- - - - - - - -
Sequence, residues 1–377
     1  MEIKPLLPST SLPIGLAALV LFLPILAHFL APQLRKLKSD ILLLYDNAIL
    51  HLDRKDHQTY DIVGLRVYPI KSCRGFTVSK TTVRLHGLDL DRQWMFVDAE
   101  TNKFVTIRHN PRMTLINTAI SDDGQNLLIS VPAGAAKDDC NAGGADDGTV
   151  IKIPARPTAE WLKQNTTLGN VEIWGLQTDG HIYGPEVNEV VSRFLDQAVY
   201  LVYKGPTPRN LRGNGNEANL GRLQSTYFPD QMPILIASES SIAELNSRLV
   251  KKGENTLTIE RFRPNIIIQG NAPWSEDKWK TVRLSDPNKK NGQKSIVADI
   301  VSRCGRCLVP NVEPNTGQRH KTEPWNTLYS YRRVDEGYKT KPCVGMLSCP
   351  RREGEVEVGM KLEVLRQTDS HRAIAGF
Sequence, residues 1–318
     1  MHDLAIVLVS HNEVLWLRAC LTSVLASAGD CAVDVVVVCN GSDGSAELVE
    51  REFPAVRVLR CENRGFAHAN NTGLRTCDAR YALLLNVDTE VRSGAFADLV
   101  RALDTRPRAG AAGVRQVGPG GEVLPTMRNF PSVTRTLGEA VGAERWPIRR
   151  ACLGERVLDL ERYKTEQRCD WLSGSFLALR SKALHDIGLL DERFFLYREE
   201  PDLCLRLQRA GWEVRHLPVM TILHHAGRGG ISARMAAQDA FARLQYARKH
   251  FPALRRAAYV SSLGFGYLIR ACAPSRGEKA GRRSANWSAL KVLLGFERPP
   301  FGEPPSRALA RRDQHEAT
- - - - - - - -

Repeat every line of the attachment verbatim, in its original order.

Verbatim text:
Sequence, residues 1–377
     1  MEIKPLLPST SLPIGLAALV LFLPILAHFL APQLRKLKSD ILLLYDNAIL
    51  HLDRKDHQTY DIVGLRVYPI KSCRGFTVSK TTVRLHGLDL DRQWMFVDAE
   101  TNKFVTIRHN PRMTLINTAI SDDGQNLLIS VPAGAAKDDC NAGGADDGTV
   151  IKIPARPTAE WLKQNTTLGN VEIWGLQTDG HIYGPEVNEV VSRFLDQAVY
   201  LVYKGPTPRN LRGNGNEANL GRLQSTYFPD QMPILIASES SIAELNSRLV
   251  KKGENTLTIE RFRPNIIIQG NAPWSEDKWK TVRLSDPNKK NGQKSIVADI
   301  VSRCGRCLVP NVEPNTGQRH KTEPWNTLYS YRRVDEGYKT KPCVGMLSCP
   351  RREGEVEVGM KLEVLRQTDS HRAIAGF
Sequence, residues 1–318
     1  MHDLAIVLVS HNEVLWLRAC LTSVLASAGD CAVDVVVVCN GSDGSAELVE
    51  REFPAVRVLR CENRGFAHAN NTGLRTCDAR YALLLNVDTE VRSGAFADLV
   101  RALDTRPRAG AAGVRQVGPG GEVLPTMRNF PSVTRTLGEA VGAERWPIRR
   151  ACLGERVLDL ERYKTEQRCD WLSGSFLALR SKALHDIGLL DERFFLYREE
   201  PDLCLRLQRA GWEVRHLPVM TILHHAGRGG ISARMAAQDA FARLQYARKH
   251  FPALRRAAYV SSLGFGYLIR ACAPSRGEKA GRRSANWSAL KVLLGFERPP
   301  FGEPPSRALA RRDQHEAT